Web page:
When The Rachael Ray Show contacted us in November to ask for assistance with a kitchen makeover for a mother of three school-age children who is battling cancer, the McClurg Team immediately volunteered to help make her dream come true.
Left to right: Tyler Dixon (McClurg Project Manager), John Gidding (architect and designer for The Rachael Ray Show), Scott McClurg, Craig Diego, Theresa Diego, and Paul Thompson (McClurg certified master kitchen and bath designer).
Our employees provided all labor for this special project and worked with celebrity designer John Gidding who revealed the stunning new kitchen to the homeowner during filming of The Rachael Ray Show. Paul Thompson from the McClurg team, who is a Certified Master Kitchen and Bath Designer, worked with Gidding by providing initial drawings of the original kitchen and onsite assistance during construction to help assure that all details were addressed. The project was on the fast-track and took five days to complete.
The dream kitchen was designed to meet the following objectives:
1. Create a family-friendly space for preparing meals, dining and gathering within the existing space. The timeworn kitchen was a much used space. There was a table placed in the center for family meals and a breakfast bar. The work area was not efficient and work aisles were narrow.
Aisle space and the layout of the original kitchen were not efficient for preparing meals, cooking and cleanup.
2. Replace outdated, inefficient appliances and rework the “Kitchen Triangle”. There were two small refrigerators in the kitchen, which did not provide adequate cold food storage for a family of five. A microwave oven took up precious counter space. The placement of the dishwasher, stove and sink did not provide an efficient work area for cooking.
A small refrigerator on the wall of the kitchen with a door swing that opened into the eating area due to the lack of aisle clearance. Small appliances and a microwave oven occupy counter space.
3. Create functional storage. The family was using every inch of space in the kitchen for essentials. The cabinet configuration was not sufficient for storage of everyday items. A baker’s rack shelf unit was added for storing cooking supplies and cookbooks at hand.
Limited space for essentials made the kitchen cluttered. There was not an adequate area for preparing meals.
The Design Plan
The design plan drawn by designer John Gidding updated the kitchen in the following ways:
- Changed the “work triangle” of the kitchen and the location of the sink and appliances.
- Created functional cabinet space by adding a wall where the old breakfast bar was located.
- Expanded counter space for food prep and seating by building a peninsula.
- Added aesthetics that make the kitchen an attractive place to work in and gather by the use of lighting, adding new flooring, designing a backsplash that unifies elements in the room and by the choice of cabinet finishes and paint that brighten the space. The light fixture over the peninsula and cabinet hardware were selected to add sparkle and style to the kitchen.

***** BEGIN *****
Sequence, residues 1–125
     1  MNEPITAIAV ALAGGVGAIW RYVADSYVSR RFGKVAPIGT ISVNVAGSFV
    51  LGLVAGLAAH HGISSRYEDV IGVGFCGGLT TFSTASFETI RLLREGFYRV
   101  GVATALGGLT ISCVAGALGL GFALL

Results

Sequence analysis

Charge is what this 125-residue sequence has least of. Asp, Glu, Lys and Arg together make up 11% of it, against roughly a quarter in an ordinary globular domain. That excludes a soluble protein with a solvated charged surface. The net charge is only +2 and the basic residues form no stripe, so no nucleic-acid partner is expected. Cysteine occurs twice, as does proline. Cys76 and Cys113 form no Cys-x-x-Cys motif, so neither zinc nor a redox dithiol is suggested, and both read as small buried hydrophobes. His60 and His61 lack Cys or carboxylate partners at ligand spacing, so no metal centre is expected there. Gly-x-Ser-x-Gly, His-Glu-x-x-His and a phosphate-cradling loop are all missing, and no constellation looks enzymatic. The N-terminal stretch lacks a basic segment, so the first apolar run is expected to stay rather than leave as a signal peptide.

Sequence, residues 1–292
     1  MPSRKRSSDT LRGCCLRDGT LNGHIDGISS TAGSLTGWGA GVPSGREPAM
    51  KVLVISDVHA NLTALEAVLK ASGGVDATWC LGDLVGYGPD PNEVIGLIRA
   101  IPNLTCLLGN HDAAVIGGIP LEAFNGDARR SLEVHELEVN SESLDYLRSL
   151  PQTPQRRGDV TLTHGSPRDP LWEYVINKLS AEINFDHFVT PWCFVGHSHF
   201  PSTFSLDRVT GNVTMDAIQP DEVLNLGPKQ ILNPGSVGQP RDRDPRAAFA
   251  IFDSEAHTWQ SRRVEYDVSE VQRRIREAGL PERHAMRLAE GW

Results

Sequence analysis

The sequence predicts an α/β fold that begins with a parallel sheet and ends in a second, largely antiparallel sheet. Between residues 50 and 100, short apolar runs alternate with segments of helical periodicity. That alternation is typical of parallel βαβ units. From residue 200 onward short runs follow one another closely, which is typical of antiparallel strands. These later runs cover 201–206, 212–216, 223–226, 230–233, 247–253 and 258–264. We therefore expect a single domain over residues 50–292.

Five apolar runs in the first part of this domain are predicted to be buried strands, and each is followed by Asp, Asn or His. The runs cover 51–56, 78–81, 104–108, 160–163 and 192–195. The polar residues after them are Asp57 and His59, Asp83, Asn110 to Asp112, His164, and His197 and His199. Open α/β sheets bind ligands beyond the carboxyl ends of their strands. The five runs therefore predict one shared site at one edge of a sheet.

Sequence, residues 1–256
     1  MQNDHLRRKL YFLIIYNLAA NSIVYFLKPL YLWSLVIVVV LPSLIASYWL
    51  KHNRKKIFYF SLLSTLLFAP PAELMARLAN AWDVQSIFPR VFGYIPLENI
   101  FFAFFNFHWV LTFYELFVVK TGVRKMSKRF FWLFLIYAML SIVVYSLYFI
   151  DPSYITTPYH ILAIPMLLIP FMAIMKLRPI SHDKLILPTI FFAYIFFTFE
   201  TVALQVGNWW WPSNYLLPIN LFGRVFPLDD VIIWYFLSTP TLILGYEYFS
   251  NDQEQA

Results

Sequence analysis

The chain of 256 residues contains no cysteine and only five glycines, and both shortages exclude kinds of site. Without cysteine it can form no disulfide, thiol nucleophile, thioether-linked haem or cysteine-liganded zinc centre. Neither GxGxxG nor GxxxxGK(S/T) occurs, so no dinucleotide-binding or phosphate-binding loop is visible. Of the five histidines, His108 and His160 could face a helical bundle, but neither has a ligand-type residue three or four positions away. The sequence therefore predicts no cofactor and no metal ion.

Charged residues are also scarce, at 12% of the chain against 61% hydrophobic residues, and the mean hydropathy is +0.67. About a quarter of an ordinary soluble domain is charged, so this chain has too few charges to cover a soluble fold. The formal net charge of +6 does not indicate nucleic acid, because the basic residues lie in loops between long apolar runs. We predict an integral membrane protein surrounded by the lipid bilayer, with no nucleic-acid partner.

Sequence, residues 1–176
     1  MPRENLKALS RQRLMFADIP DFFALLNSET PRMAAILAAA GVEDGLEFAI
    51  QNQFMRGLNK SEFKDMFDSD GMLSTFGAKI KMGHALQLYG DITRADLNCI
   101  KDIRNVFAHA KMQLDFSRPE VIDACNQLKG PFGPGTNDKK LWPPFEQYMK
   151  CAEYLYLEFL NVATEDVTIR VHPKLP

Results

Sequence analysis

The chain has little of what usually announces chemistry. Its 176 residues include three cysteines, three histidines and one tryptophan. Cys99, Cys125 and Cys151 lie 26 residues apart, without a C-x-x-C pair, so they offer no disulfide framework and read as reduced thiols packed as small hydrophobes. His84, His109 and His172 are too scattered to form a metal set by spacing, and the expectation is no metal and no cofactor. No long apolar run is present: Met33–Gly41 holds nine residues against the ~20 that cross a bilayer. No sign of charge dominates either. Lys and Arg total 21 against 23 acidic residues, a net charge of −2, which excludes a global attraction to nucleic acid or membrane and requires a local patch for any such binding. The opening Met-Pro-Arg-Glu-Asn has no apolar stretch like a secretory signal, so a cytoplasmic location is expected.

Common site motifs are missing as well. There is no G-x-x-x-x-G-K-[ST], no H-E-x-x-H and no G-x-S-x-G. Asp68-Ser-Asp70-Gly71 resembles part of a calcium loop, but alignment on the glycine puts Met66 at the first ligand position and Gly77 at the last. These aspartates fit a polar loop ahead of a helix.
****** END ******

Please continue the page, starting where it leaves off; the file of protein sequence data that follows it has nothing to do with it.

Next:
John Giddings’s drawing.
1. Constructing a Family-Friendly Kitchen
The first step was to totally demolish the 19’ 2” by 11’ 8” kitchen. Nothing would be salvaged other than the homeowners’ essentials. The vinyl flooring was ripped out and a new subfloor was laid to support a floating prefinished wood floor. Plans for a dual height ceiling were modified due to a soffit. The paneled ceiling, which the homeowners disliked, was replaced with drywall coated with sandpaint.
Volunteers from the McClurg team worked quickly to complete the kitchen remodel in five days.
2. Installing Appliances
Appliances were donated by sponsors of The Rachael Ray Show and included a large dual door and dual drawer refrigerator that required some modifications in the plans to fit into the configuration. A new dual oven conduction range, a venthood microwave oven, and dishwasher were also included in the package. Mechanicals had to be updated to accommodate the appliances as well as a sink that would be installed in the peninsula. New wiring would also be needed for the lighting in the room.
The new appliances, lighting and sink. Lighting includes recessed lights for general lighting, a pendant light and under-cabinet lights for task areas, ambient lighting within glass door cabinets and decorative lighting over niches.
3. Creating Functional Storage Space
Built-in cabinets were used to optimize the floor space in what otherwise had been a crammed kitchen. The plan called for a new wall of cabinets where a breakfast bar had been. Cabinets for glassware and cubbies for bottle storage were added to the wall to create a service bar and space for items used both everyday and for special occasions. Flatware and plates can be stored in drawers. Base cabinets provide space for serving dishes and platters.
Service bar and storage for glassware, flatware and dishes.
The entry to the kitchen was fitted with storage shelves that could be used as a pantry.
Shelving in the entry to the kitchen creates a pantry area.
Storage over the refrigerator was designed to be both practical and decorative. A niche was built to store and provide easy access to baking items.
A niche recessed over the refrigerator provides storage for a colorful Dutch oven and mixing bowl.
The kitchen makeover episode can be seen on The Rachael Ray Show website. For additional information about the project, and to view before, during and after photos, visit our community involvement webpage.